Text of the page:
Recently I had three problems which somehow managed to fit together and solve each other.
Problem #1 - It was time for my spring chicken house cleaning, but I was out of hay. I also didn't feel like shelling out money for hay, nor spend the gas to drive over to get hay.
Problem #2 - I asked my neighbor if I could have all the leaves and grass clippings he bagged from mowing. He was glad to. I came around the house later that afternoon to find at least 15 full bags of debris stacked next to my house. Uh oh! That's a lot of leaves to do something with.
Problem #3 - I wanted to lay out a garden plot, lasagna style, but only had 15+ bags of leaves to work with. They weren't composted at all, and I didn't see how my garden was going to grow that well with only some dry old Live Oak leaves.
As I sat staring at the mountain of leaves feeling overwhelmed, suddenly a series of light bulbs clicked in my mind and all my problems (at least three of them anyways) were solved.
Solution to problem #1 & #2 - I was thinking I needed hay for my chicken house, but really I needed litter. And here I had all these bags of dry, crispy leaves. Hmmmm... suddenly they looked like a large and sustainable amount of free litter. Now I had a good way to get rid of all those leaves also, solving #2 simultaneously.
Now what to do with all the old, dirty and nutrient rich hay that needed to be removed from the chicken house?
Solution to problem #3 - I used all the old hay in my lasagna garden. To this I added all the super dirt that was piling up in the chicken's coop. Now I had a wonderful, layered sheet compost pile to grow my garden in. The leaves filled up the hen house and their yard.
They will break all those leaves down with all their pecking and scratching and add their own special blend of nutrients to the mix. By fall I will have a wonderful new layer of broken up material for my garden, and probably 15+ more bags of leaves and clippings piled up next to my house. I'm sure I'll have a nice supply of clipped grass all summer long for the hens to munch, and since my neighbor doesn't spray, it'll be, for all practical purposes, organic feed.
Ah...the circle of life. Amazing how when we can think outside the box how much better everything works together.
Thursday, April 3, 2008
To live on a farm is to live in the country. You are either the town mouse or the country mouse. You have big city glamour or small town charm. To most people's minds, it's as simple as that, and there is nothing in between. They assume that if they haven't got a place with 40 acres then they must be 'city dwellers'.
Mention farming and folks get a bucolic image in their minds of sweeping fields of grain and fat, contented cattle. Chickens peck and scratch near the barn door as the sun sets behind rolling hills. Gardens bursting with greenery and ripe bounty lay like little quilts across the lawn as twilight whispers by with sleepy sweetness.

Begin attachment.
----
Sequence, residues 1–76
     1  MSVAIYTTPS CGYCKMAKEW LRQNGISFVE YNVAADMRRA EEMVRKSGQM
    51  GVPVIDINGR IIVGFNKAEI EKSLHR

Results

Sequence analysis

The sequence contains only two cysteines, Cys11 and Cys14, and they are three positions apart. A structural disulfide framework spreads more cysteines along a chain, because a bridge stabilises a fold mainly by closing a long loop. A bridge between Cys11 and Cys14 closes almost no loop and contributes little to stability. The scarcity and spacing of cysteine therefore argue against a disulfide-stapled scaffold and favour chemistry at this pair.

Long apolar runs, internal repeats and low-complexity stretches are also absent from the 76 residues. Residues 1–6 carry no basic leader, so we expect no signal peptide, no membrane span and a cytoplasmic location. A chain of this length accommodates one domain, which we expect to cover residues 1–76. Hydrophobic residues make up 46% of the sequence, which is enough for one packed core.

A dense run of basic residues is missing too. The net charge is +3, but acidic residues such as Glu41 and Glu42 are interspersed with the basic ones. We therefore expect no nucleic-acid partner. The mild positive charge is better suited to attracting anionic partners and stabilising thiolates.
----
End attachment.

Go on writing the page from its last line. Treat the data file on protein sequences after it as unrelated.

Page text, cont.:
Now imagine a small piece of country in the middle of a city. The sounds of traffic are muted out by the soft clucking of hens. Emerald cabbages gleam brilliantly against a fence, causing the passing school children to wonder what on earth these strange plants could be. Fruit trees begin to bud out, promising fruits that will be taken to the beach and the library as snacks, both within a 10 minute drive.
This is urban farming, a third option in between the two extremes of rural and rat race. To me, it's having my cake and being able to eat it slowly, and with relish. I can get up in the morning and fetch my eggs for breakfast, still warm and as fresh and delicious as nature can provide. But if I run out of coffee I have the choice to stop at any of about 8 coffee house choices from trendy to mainstream. On an urban farm, life is definitely good.
There are difficulties with a countrified city lifestyle. Zoning is one. I'm lucky enough to be considered "county", even though I live in a populated area. Another thing to consider is supplies. Livestock need more then a local pet center can usually provide. I have a feed store close by, the wonderful and infamous Sue's Country Corner, hemmed in with McDonald's, CVS and a car dealership in an eclectic mix of town and country.
The benefits outweigh any difficulties, however, and the opportunities are many. For example, there's a scrap metal dealer around the corner from where I get my hay and chicken feed. All month I save aluminum cans from where I work and around the neighborhood.
When food buying time rolls around I recycle my metals and use the proceeds as a 'discount' off the chicken food. Last month my recycling paid for the food completely, and I still had a few dollars left over! In the country I'd have to drive so far to get to everything the gas alone would negate any economic bonus.
I think of urban farming as a solution for many of the issues we face today. If everyone kept a few chickens in their yard, just think of all the resources we'd save in fuel for delivery, chemicals for packages, trees for paper cartons, waste disposal from large chicken farming... not to mention all the table scraps that wouldn't go to the landfill!
In today's Age of Turbulence, as Greenspan so aptly calls it, we need to think less like consumers and be more creative. Outside the box thinking can be the difference between an impoverished lifestyle and one that finds richness waiting beyond the horizon you only thought was there. Like Columbus, you too might discover that your world has no boundaries.
I prefer my backyard live'stocks & bonds' to any high pressured make it big or bust lifestyle. Take a look around and see if you can't find your perfect solution hidden somewhere in between the layers of what we think of as our limitations. You might just find the best of both worlds.
Posted by Angela Yuriko Smith at 8:40 AM